The first in a series on the historical parallels and lessons that unite the groundings of the DC-10 and 737 Max.
I hope he's right about the series, because this first part is a must-read account of the truly disturbing parallels between the dysfunction at McDonnell-Douglas and the FAA that led to the May 25th 1979 Chicago crash of a DC-10, and the dysfunction at Boeing (whose management is mostly the result of the merger with McDonnell-Douglas) and the FAA that led to the two 737 MAX crashes. Ostrow writes:
The grounding of the DC-10 ignited a debate over system redundancy, crew alerting, requirements for certification, and insufficient oversight and expertise of an under-resourced regulator — all familiar topics that are today at the center of the 737 Max grounding. To revisit the events of 40 years ago is to revisit a safety crisis that, swapping a few specific details, presents striking similarities four decades later, all the way down to the verbiage.
Below the fold, some commentary with links to other reporting.

Thursday, October 24, 2019

Future of Open Access

The Future of OA: A large-scale analysis projecting Open Access publication and readership by Heather Piwowar, Jason Priem and Richard Orr is an important study of the availability and use of Open Access papers:
This study analyses the number of papers available as OA over time. The models includes both OA embargo data and the relative growth rates of different OA types over time, based on the OA status of 70 million journal articles published between 1950 and 2019.

The study also looks at article usage data, analyzing the proportion of views to OA articles vs views to articles which are closed access. Signal processing techniques are used to model how these viewership patterns change over time. Viewership data is based on 2.8 million uses of the Unpaywall browser extension in July 2019.
They conclude:
One interesting realization from the modeling we’ve done is that when the proportion of papers that are OA increases, or when the OA lag decreases, the total number of views increase -- the scholarly literature becomes more heavily viewed and thus more valuable to society.
Thus clearly demonstrating one part of the value that open access adds. Below the fold, some details and commentary.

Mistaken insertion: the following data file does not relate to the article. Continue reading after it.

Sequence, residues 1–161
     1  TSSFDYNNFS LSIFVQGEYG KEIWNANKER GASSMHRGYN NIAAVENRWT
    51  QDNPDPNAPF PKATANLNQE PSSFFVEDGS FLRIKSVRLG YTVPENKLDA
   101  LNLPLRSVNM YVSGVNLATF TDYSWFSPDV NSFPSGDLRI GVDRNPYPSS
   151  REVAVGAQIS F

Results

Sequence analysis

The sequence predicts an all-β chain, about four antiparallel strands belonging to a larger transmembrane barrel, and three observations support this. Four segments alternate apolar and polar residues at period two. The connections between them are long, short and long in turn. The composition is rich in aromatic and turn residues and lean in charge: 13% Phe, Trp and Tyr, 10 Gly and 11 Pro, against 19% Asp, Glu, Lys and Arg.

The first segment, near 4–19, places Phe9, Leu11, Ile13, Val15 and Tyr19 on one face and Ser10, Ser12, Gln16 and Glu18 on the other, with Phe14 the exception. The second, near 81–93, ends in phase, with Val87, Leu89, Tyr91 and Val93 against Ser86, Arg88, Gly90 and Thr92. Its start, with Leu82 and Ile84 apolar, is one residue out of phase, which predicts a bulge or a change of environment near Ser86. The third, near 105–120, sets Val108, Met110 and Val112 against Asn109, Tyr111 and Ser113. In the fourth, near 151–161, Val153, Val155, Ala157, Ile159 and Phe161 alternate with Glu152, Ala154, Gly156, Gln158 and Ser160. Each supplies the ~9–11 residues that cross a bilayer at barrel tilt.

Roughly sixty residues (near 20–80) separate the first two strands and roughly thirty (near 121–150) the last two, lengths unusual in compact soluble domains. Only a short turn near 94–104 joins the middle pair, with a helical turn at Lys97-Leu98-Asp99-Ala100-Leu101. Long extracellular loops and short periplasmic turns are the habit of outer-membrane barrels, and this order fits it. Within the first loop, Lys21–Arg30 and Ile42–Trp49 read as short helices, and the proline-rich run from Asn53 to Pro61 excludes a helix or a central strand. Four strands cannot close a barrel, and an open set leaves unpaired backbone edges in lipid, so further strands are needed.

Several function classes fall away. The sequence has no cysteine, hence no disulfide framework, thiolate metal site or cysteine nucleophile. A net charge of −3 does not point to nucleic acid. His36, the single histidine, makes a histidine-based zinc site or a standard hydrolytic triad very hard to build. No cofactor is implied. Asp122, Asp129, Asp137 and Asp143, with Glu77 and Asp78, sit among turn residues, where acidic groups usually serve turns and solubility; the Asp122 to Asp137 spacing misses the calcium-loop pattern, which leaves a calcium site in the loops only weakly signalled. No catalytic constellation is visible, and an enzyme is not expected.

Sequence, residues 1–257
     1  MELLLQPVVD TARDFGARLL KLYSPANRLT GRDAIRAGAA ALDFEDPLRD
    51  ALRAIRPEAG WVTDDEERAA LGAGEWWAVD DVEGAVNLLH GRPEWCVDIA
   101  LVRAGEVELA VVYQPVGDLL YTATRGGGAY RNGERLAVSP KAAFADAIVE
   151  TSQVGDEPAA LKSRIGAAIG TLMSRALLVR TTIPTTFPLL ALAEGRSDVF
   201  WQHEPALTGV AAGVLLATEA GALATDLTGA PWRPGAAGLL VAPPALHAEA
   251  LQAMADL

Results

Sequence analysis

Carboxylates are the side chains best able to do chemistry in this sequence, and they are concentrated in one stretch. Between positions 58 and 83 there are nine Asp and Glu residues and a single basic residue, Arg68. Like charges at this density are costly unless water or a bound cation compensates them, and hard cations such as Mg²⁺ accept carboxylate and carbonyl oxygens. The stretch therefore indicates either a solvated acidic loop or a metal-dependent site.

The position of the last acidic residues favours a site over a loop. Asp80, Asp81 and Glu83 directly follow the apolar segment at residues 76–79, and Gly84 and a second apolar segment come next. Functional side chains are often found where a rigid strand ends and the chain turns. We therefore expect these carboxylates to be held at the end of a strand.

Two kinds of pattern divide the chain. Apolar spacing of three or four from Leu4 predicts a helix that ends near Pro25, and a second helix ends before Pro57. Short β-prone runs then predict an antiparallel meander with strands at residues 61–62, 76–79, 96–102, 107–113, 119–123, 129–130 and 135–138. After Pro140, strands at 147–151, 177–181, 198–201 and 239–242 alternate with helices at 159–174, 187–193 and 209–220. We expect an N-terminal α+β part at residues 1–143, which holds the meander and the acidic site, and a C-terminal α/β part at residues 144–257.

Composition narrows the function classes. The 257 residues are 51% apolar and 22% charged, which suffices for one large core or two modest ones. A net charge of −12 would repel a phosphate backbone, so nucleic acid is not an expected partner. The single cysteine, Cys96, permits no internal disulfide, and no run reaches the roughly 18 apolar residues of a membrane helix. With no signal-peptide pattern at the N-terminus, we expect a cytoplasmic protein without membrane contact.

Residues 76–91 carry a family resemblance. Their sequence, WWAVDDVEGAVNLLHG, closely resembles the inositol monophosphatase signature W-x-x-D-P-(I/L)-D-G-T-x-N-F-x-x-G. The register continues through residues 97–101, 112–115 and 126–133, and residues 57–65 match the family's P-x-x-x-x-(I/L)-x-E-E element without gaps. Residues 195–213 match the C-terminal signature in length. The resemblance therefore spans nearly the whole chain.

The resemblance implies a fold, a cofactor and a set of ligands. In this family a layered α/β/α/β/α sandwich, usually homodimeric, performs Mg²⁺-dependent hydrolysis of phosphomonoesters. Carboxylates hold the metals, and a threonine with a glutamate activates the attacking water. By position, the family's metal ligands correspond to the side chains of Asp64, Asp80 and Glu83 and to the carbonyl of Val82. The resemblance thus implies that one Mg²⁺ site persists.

Tuesday, October 22, 2019


I've been writing about how important Memento is for Web archiving, and how its success depends upon the effectiveness of Memento Aggregators since at least 2011:
In a recent post I described how Memento allows readers to access preserved web content, and how, just as accessing current Web content frequently requires the Web-wide indexes from keywords to URLs maintained by search engines such as Google, access to preserved content will require Web-wide indexes from original URL plus time of collection to preserved URL. These will be maintained by search-engine-like services that Memento calls Aggregators
Memento Aggregators turned out to be both useful, and a hard engineering problem. Below the fold, a discussion of MementoMap Framework for Flexible and Adaptive Web Archive Profiling by Sawood Alam et al from Old Dominion University and, which both reviews the history of finding out how hard it is, and reports on fairly encouraging progress in attacking it.

Thursday, October 17, 2019

Be Careful What You Measure

"Be careful what you measure, because that's what you'll get" is a management platitude dating back at least to V. F. Ridgway's 1956 Dysfunctional Consequences of Performance Measurements:
Quantitative measures of performance are tools, and are undoubtedly useful. But research indicates that indiscriminate use and undue confidence and reliance in them result from insufficient knowledge of the full effects and consequences. ... It seems worth while to review the current scattered knowledge of the dysfunctional consequences resulting from the imposition of a system of performance measurements.
Back in 2013 I wrote Journals Considered Harmful, based on Deep Impact: Unintended consequences of journal rank by Björn Brembs and Marcus Munaf, which documented that the use of Impact Factor to rank journals had caused publishers to game the system, with negative impacts on the integrity of scientific research. Below the fold I look at a recent study showing similar negative impacts on research integrity.

Tuesday, October 15, 2019

Nanopore Technology For DNA Storage

DNA assembly for nanopore data storage readout by Randolph Lopez et al from the UW/Microsoft team continues their steady progress in developing technologies for data storage in DNA.

Below the fold, some details and a little discussion.